Sharp-eyed Newsarama readers may recall that we had a column for a while called “Right to Assemble”. It followed the Avengers titles in the post-Civil War landscape. We talked about the possible realignments of titles in the wake of the end of Siege (and guessed right on most of the approach). Now, at nearly one year in and with the first major writing change about to take place, we thought that we’d check in and see how things went in the inaugural year of the new configuration. How did the assembled Avengers teams turn out?
First, let’s take a quick look at the primary minis.
Avengers Prime: An entertaining tale that put a spotlight on Steve Rogers, Thor, and Iron Man, Prime threw the characters into the Nine Worlds and put them through some paces that we hadn’t seen in a while. It was probably a necessary step to re-setting the relationship between the Big Three for the revamp. Yeah, you probably could have done that in the main books, but this was old-school fun, so we didn’t mind. Bonus points for Alan Davis, who can still draw anything.
Children’s Crusade: This one’s still in progress, and in fact just had a Young Avengers one-shot to give deep background on the future twists that are present in the storyline. Whereas I’m glad to see the Young Avengers and glad to see some of these story issues addressed, I have to wonder what it would be like if we just had, y’know, a Young Avengers book. The Young Avengers seem to fulfill different story functions that the “at-risk” kids of Academy, and the existence of both this and prime indicate that readers are willing to buy other Avengers books if they’re well done. We’ll see.
For the regulars . . .
Secret Avengers: Brubaker did strong work, launching this with Steve Rogers, some classic Avengers (Black Widow, Beast), some B-listers (Moon Knight), and welcome additions (Nova, *sniff*). It’ll be interesting to see how this fares under Nick Spencer, a writer with a team book track record that only extends to his current work on T.H.U.N.D.E.R. Agents (which he apparently gets to continue at DC). The concept of Secret Avengers is the star in some ways, and the conceit might be shaken when Rogers makes his inevitable return to the Cap suit. I also wonder if Beast will have to go back to the X-Men, given the pending split for that team and the likelihood that Beast will fall into Wolverine’s camp due to his personal break with Cyclops. Regardless, this has been a solid entry, and it will bear watching.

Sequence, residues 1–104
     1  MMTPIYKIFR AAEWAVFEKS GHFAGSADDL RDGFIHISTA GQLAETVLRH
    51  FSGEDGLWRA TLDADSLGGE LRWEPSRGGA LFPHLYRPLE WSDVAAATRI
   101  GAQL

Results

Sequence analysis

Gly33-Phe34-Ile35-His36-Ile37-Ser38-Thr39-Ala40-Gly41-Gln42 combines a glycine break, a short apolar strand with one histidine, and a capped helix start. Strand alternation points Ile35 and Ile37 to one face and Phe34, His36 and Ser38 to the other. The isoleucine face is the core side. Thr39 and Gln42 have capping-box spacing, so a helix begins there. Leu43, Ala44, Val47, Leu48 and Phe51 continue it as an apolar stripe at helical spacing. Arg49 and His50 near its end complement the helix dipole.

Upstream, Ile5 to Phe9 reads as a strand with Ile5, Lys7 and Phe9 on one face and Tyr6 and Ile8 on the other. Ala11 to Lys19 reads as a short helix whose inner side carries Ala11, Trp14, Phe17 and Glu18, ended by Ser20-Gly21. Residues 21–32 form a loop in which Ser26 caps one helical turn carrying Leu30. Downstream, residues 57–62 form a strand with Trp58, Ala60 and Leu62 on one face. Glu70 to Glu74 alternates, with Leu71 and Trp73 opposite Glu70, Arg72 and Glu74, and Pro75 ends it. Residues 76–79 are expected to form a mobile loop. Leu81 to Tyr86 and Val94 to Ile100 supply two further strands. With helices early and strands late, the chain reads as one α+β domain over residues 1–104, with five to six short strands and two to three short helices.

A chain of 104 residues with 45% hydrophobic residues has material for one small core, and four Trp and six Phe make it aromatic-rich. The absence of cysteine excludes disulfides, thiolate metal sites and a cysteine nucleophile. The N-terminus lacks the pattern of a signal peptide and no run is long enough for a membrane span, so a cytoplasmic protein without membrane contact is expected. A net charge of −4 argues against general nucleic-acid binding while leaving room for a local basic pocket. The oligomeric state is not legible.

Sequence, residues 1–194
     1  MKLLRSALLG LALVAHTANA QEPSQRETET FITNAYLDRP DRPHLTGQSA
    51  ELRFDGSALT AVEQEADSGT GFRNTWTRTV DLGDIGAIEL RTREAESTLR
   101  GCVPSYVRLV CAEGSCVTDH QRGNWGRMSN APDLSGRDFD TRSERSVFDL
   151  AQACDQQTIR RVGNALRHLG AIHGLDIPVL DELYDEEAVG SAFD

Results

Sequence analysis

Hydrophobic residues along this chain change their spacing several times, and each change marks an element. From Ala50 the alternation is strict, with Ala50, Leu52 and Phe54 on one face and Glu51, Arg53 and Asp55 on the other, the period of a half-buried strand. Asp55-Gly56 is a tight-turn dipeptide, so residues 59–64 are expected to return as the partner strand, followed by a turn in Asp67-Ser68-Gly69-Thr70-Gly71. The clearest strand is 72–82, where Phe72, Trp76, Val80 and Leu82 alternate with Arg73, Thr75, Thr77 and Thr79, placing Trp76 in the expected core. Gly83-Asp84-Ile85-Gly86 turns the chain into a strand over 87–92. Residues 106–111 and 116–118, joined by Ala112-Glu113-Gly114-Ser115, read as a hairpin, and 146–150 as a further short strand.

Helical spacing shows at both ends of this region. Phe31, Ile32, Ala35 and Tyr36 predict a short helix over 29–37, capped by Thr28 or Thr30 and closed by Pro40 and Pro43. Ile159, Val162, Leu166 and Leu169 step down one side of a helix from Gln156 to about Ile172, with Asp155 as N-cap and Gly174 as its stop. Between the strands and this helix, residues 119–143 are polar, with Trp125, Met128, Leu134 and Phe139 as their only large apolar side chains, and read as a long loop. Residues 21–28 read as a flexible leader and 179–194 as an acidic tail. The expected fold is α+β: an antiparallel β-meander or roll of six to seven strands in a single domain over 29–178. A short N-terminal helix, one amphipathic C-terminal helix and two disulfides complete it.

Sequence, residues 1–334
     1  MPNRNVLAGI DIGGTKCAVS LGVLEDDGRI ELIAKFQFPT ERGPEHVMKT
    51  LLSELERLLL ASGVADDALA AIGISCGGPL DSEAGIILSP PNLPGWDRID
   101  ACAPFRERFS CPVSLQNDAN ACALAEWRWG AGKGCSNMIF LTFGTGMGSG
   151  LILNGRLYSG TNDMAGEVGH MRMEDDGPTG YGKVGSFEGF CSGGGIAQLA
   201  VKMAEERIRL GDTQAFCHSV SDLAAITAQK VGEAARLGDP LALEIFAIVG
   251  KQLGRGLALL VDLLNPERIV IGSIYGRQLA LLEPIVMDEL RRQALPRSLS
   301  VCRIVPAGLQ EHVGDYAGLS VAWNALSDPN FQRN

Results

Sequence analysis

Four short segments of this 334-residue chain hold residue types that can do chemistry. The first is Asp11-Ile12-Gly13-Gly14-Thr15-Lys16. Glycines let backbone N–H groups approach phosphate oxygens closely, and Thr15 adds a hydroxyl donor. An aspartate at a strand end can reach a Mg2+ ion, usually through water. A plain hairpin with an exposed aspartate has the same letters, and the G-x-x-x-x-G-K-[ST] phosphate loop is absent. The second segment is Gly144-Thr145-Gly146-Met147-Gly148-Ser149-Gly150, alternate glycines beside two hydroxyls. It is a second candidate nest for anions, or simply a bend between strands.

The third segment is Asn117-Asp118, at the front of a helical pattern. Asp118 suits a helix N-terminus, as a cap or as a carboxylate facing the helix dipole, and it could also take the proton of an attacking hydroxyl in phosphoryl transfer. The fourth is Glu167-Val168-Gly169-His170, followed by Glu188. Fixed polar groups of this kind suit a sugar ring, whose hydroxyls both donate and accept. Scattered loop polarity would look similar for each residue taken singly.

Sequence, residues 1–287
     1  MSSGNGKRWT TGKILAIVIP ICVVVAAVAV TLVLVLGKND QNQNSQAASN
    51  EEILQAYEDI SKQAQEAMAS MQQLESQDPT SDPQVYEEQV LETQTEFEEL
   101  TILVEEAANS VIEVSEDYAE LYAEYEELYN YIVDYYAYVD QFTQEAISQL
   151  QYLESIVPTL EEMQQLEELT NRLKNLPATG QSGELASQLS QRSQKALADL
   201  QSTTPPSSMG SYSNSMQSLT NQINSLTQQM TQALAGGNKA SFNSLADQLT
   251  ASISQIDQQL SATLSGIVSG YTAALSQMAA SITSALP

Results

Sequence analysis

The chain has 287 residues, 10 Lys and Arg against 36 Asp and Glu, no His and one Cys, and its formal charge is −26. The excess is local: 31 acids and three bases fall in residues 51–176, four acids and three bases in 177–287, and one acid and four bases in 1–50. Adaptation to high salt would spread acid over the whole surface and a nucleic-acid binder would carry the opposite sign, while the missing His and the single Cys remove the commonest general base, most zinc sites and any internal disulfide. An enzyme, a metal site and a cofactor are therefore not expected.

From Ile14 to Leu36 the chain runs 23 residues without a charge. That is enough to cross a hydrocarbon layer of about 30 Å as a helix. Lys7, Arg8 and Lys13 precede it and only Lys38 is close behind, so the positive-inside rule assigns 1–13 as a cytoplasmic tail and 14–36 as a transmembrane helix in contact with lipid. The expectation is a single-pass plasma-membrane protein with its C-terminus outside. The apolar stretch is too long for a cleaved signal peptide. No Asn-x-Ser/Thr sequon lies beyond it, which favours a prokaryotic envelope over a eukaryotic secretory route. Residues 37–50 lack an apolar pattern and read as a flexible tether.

Avengers Academy: This has been my favorite of the books overall. I like the concept of flawed Avengers trying to keep young supers from making the same mistakes that they did. McKone was particularly well-suited to this type of book, but Raney’s no novice himself; I’m sure he’ll do a great job. As for the writing, Christos Gage has been getting gold out of minor and background characters since The Initiative days, so I’m not surprised at how strong his performance has been on this series. There have been a number of memorable of moments, my favorite of which being the end of the Finesse and Taskmaster confrontation. That packed some real resonance, and threw into sharp relief certain ideas about family in a super-powered context.
New Avengers: I’ve quite liked this one as well, though I was admittedly put out by the death of Doctor Voodoo. I thought that the Doc’s solo book was interesting, with Rick Remender bringing a lot of great ideas to the table. I was disappointed to see Voodoo go out. Past that, though, this has felt like the Avengers “family” book, with some great comedic moments happening between Luke Cage and Spider-Man, Luke Cage and his wife Jess, The Thing and Spider-Man . . . hell, everybody, really. This team actually seems to enjoy hanging around together, and that makes an enormous difference in the readability and enjoyment of the title. Sure, being on the Avengers is a thing of duty, but the majority of this team suffered together through the Civil War and Dark Reign, so it’s good to see them (mostly) having a decent time and enjoying one another’s company.
Avengers: Frankly, it’s the one that I’ve had the hardest time warming up to. That’s not for the art; JRJR is a pure classic in terms of super-hero art. I thought that the first arc simply took a while to get into, as a reader. However, the Red Hulk/Hood/Gems arc has picked up quite a bit for me. I think that it’s vital that Bendis addresses the ongoing issues of trust surrounding Steve and Iron Man; they still have a long way to walk back from everything that went down in the recent past. Another solid bit in this latest story is the inclusion of so many related characters; the events here would indeed impact all of them.
So, at this point, almost a year in, it seems as if the franchise is moving along well. What remains to be seen is what direction Fear Itself will move the teams, and how things may possibly be aligned with the Avengers film bearing down just after the post-Siege two-year mark.